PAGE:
The June issue looks at identity thieves targeting children, efforts to train culturally sensitive health care workers, federal waivers for No Child Left Behind and much more.
Our initial survey to legislators and staff helped identify some of their attitudes toward and practices concerning their constituents. Those legislators and staff who responded are motivated to connect with their constituents and want to learn new ways to facilitate more interaction and have citizens play a more meaningful role in those encounters. They believe those discussions would offer the constituents a closer connection to democracy, give the legislators more valuable information about how to solve important problems, promote respect and understanding of different viewpoints and promote a sense of identity and community in their districts.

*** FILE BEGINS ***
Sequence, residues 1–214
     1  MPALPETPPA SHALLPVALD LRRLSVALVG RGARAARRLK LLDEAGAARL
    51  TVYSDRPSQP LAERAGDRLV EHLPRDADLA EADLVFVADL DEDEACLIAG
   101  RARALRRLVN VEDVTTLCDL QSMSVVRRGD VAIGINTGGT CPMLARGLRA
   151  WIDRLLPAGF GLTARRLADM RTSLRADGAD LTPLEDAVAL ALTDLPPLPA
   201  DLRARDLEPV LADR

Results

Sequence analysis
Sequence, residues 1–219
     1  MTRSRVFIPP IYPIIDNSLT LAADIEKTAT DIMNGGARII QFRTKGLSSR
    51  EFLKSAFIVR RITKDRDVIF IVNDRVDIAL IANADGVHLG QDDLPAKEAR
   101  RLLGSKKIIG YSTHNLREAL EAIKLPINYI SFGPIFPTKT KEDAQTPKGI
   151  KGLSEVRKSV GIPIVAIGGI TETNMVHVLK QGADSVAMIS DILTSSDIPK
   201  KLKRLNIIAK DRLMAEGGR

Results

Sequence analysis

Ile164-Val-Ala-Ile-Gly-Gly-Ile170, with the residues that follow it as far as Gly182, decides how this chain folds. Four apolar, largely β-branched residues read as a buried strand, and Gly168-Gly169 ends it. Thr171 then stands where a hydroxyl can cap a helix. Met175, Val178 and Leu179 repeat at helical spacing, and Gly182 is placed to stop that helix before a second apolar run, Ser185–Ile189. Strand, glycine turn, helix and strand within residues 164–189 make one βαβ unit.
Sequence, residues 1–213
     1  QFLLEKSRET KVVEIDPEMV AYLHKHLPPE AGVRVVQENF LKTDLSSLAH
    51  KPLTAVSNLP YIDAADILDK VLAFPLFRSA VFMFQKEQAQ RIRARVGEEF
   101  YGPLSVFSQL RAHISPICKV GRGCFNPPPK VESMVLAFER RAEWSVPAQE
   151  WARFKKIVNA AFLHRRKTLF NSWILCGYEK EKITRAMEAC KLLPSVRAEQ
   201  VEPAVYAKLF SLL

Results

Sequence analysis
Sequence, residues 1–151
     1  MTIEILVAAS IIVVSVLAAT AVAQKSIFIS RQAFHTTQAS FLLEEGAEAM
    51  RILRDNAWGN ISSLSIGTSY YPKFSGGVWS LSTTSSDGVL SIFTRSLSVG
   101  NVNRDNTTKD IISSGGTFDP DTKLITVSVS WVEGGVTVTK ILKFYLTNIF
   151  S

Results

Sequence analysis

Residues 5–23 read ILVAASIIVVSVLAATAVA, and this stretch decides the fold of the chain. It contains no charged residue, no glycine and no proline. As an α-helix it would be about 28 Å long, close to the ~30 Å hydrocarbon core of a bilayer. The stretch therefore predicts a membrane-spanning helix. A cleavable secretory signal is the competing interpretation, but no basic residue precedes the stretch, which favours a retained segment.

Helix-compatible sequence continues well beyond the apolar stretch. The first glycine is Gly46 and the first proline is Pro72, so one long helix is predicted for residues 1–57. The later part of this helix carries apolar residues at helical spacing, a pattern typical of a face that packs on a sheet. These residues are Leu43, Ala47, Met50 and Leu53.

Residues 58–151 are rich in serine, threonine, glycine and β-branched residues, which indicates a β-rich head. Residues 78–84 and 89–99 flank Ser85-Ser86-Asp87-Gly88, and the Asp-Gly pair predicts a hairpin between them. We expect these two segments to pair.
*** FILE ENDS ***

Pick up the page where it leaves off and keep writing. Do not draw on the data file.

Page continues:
However, those respondents also identified the key challenges of finding time, partners and funding in creating activities that promote a stronger legislator/citizen bond. With family, work and legislative obligations, many legislators think they don’t have time to plan and hold these kinds of discussions. Many would like to find partners to share in the planning and running of these discussions and funding or other resources to achieve these goals.
The take on the survey responses is that we may have a limited number of legislators and staff who will participate in our project. However, this endeavor will be successful if we help those who are interested to see and read about successful legislator/citizen discussion models, address the key challenges of time, partners and funding, and learn from their colleagues. We may have lost some potential interest last time, because the models for discussion seemed cumbersome and would take an enormous effort and amount of time to replicate. This time, we will be more focused on moving legislators to expand on their existing practices to make them more interactive, stressing a greater role and responsibility for the citizens.
7700 East First Place
Denver, CO 80230
Tel: 303-364-7700 | Fax: 303-364-7800
444 North Capitol Street, N.W., Suite 515
Washington, D.C. 20001
Tel: 202-624-5400 | Fax: 202-737-1069